Ask Dr. Nerdlove

DEAR DR. NERDLOVE: I’m embarrassed to be writing this, because I’m ashamed I’ve let things get to this point.

Nine months ago I had a baby. Between her health issues and my disabilities, it makes the most financial sense for me to stay home and do the 24/7 childcare and house upkeep, and my husband generally works about 50 hours/week. I feed the baby round the clock on doctor’s orders (she can only have small amounts without getting sick, so she needs to eat frequently), and I get pretty busy sometimes.

I’m writing because our sex life has become basically nonexistent… and while I feel fine, I’m worried about my husband’s needs not being met. I’m totally willing and I’ve tried initiating things sometimes, but he doesn’t seem particularly interested.

I’ve seen you write before about how it can be hard for a man to shift back from seeing someone as a mother to seeing her as a sexual partner before, especially if he’s present for delivery (which my husband was) and I’m sure that could be part of what’s going on. However… I also just don’t have much to offer right now.

I’m still carrying some baby weight. I have stretch marks everywhere. I haven’t colored or cut my hair since early in pregnancy. Breastfeeding did not do my figure any favors. Between caring for a baby with extra needs, keeping up with my own freelance work, cooking and cleaning, and dealing with my own issues without the money for medication, I can’t seem to find much time for things like skincare, hair care, or weight loss. I walk for an hour or so every day, but that’s the most strenuous exercise I can really do with a baby in tow when we live ten miles from town and have no car to get to a gym (my husband needs our only running car to get to work).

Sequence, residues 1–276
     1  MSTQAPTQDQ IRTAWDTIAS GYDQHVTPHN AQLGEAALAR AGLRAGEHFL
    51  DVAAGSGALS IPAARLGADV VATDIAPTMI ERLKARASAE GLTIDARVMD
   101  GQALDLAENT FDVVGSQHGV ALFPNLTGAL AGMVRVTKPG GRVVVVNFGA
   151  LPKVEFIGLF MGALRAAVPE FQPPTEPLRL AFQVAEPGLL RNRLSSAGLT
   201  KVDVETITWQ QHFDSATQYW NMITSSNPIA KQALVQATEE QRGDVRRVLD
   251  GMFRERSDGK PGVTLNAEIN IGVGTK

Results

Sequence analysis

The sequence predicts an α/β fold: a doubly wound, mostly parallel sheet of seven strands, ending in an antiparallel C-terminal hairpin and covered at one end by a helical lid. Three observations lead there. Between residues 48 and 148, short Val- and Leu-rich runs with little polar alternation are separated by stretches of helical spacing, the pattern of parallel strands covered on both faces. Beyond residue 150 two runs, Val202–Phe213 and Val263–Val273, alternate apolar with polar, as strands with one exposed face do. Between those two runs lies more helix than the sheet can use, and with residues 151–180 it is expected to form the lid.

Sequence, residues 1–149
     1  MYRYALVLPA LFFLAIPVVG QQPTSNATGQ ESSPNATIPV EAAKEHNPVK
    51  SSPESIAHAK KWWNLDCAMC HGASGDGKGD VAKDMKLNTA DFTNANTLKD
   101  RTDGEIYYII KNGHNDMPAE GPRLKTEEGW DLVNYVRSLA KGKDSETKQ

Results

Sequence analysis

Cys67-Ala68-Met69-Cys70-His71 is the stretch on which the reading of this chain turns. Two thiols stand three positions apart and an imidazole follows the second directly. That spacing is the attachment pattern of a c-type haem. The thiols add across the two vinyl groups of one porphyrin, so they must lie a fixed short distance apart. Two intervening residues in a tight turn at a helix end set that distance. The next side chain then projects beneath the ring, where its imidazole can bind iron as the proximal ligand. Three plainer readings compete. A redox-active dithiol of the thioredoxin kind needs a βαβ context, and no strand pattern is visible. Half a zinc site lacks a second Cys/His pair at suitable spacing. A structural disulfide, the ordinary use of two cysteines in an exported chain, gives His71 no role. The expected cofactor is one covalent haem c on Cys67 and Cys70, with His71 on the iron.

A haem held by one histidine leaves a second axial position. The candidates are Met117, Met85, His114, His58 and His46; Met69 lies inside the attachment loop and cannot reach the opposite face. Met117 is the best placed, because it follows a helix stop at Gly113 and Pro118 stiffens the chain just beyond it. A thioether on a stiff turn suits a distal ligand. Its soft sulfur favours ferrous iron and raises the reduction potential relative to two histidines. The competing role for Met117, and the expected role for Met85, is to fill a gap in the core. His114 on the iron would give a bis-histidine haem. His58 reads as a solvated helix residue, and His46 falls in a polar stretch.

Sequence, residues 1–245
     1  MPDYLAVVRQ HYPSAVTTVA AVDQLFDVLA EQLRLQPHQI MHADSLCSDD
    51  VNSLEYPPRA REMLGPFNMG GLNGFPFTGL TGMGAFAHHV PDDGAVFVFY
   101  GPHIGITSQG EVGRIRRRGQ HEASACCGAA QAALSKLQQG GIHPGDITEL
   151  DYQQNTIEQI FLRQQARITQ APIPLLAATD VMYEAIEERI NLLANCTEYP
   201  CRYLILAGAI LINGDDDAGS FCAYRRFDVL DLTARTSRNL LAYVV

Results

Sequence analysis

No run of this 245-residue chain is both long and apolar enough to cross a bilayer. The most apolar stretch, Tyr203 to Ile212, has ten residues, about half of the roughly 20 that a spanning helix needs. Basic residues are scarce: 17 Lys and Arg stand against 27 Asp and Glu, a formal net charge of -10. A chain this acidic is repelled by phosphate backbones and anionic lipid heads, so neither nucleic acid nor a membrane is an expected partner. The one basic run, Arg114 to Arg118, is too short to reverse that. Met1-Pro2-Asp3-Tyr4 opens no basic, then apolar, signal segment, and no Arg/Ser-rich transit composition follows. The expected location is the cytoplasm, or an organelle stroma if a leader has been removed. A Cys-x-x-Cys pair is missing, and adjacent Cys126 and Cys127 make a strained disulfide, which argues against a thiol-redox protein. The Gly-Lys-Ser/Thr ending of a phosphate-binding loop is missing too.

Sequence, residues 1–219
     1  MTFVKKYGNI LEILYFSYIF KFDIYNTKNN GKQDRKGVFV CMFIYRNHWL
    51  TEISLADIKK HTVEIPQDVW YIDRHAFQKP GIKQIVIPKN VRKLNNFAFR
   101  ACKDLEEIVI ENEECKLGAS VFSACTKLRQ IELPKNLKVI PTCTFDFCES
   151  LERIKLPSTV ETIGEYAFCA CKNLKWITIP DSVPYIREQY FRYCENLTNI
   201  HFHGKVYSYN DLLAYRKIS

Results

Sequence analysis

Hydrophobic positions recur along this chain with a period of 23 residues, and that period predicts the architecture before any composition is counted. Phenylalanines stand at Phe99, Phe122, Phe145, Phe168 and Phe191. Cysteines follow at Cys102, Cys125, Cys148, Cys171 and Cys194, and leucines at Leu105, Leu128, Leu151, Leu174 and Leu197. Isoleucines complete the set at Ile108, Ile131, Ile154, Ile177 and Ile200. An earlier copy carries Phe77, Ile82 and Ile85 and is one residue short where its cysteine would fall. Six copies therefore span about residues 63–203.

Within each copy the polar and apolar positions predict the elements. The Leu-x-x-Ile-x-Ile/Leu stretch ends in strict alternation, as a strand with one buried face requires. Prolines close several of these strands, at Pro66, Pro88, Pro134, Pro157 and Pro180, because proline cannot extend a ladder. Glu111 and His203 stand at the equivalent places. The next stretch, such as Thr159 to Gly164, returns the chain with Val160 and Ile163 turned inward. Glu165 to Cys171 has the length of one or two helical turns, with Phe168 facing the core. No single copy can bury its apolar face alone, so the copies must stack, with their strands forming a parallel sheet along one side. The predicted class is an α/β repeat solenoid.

My point is, I look disgusting. My husband isn’t shallow or cruel, and he has never said a single negative thing to me about the way my appearance has deteriorated, but I can’t imagine the way I look now is particularly enticing. My question is… should I suggest an open relationship? I’m not particularly comfortable with the idea and I have no interest in seeing others myself, but I feel like he deserves the opportunity to have sex with someone more appealing than I am at the moment. He’s a good person who shouldn’t have to put up with this.

I’m trying to get it together for him, but I haven’t found a way yet, and he’s been patient with his gross slob of a wife for too long already.

What do I do, Doc?

Post-Partum Blues

DEAR POST-PARTUM BLUES: So it’s true that some men have a hard time making a mental shift when they see their partner give birth, PPB… but I don’t think that’s what’s going on here.

There’re a couple issues at play. The first is that, come on, you JUST HAD A BABY. Having a child is a massive disruption to your life, especially during the first couple of years. Your life is going to revolve around taking care of the little miracle, and that means that everything goes out the window – from keeping house, to sleep to your sex life. Under the best of circumstances, y’all are going to be stressed and sleep-deprived, which is as hard-core of a libido-killer as you’re likely to find. But when you factor in that your baby has special needs and your husband is working long, long hours? Yeah, that’s gonna throw a major spanner in people’s desire to get down.

But the other issue is that honestly? I think you aren’t being fair to yourself.

Actually, I take that back. I think you’re getting upset at yourself for not being superhuman and holding yourself to absolutely insane standards. I mean, the language you use in your letter is kind of telling: you’re ashamed that you “let things get to this point”. This implies that you should, what, have been able to slip back into your old life exactly like it was before without missing a beat? How in pluperfect hell was THAT supposed to happen?

I mean, yeah we see stories on Instagram and in tabloids about how so-and-so got their body “back” after the baby… but here’s the secret: most of that is bulls